As the UK prepares to leave the European Union in March 2019, stakeholders across the European life sciences industry are busy preparing for Brexit’s potential impact on their operations. In France, the Agence Nationale de Sécurité du Médicament et des Produits de Santé (ANSM) – the country’s drug regulator – is seeing Brexit as an opportunity to gain a more prominent position in European medicine regulation.
With the European Medicines Agency (EMA) having announced its relocation from London to Amsterdam, the British regulator – the Medicines and Healthcare Products Regulatory Agency (MHRA) – stands to lose some of its influence within Europe.
This may present an opportunity for the French regulatory system to increase its European standing, as Dominique Martin, CEO of the ANSM, notes. “[Brexit] is a big opportunity for us, we have modified our indicators and have become more active in giving scientific advice.”
Regardless [of whether it is a ‘hard’ or ‘soft’ Brexit], a window of opportunity is opening.
However, Martin is keen to note that the nature and level of opportunity available to ANSM will depend on the type of Brexit that the UK chooses. He explains, “Will it be a hard Brexit, in which the UK is left completely out of the EU and Europe will have to fill the void left by the prominent British regulatory bodies? Or will it be a soft Brexit, wherein the UK will essentially re-join the EU in a matter of years? Regardless, a window of opportunity is opening.”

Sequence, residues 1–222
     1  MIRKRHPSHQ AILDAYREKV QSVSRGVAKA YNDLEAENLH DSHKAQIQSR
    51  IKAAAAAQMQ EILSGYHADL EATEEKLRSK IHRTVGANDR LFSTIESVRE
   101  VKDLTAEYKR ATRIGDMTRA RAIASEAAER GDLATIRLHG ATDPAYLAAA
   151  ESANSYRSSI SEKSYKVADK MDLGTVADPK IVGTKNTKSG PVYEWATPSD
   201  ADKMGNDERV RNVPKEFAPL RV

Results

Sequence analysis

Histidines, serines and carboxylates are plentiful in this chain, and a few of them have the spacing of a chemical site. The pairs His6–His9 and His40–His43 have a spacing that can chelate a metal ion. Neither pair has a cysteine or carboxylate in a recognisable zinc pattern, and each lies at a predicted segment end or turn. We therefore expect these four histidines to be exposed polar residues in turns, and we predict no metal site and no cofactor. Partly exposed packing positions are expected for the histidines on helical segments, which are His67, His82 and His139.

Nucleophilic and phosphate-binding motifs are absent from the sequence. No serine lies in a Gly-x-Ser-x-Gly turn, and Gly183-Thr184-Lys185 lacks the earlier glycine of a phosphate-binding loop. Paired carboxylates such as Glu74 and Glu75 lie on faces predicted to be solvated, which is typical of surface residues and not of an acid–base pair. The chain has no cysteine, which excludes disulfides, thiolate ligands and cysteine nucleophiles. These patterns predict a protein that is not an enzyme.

In order to step through this window of opportunity, Martin feels that the ANSM needs to draw from the experience of other European nations to better access EMA funding. He admits that “It may be in our interest to follow the lead of our Spanish colleagues, who have a system in which the EMA gives them funding for their portfolio of projects. The French system, as it stands, is not designed for such financial cooperation, but I think it could be beneficial as we regain footing in the European regulatory ecosystem. We need to create a ‘virtuous circle’ in which we can increase our access to financing, use the funds to invest in the quality of our regulatory work, and so on.”
Furthermore, Martin points out that, as part of its Brexit strategy, the ANSM will have to work closely with other stakeholders to share knowledge and bolster expertise. He points out that “In order to prepare ourselves for our Brexit strategy, we will need to work with the other government ministries. We may also need to consider having special ‘additional’ terms for certain members of the government; these additional terms are special extensions to specific mandates, implemented to help navigate the Brexit process. We may have to reorganize certain roles, focusing on our strengths. For instance, we are very good at oncology and vaccines. We need to fortify and prioritize our strengths in these fields, regardless if they are in industry, academia, or wherever.”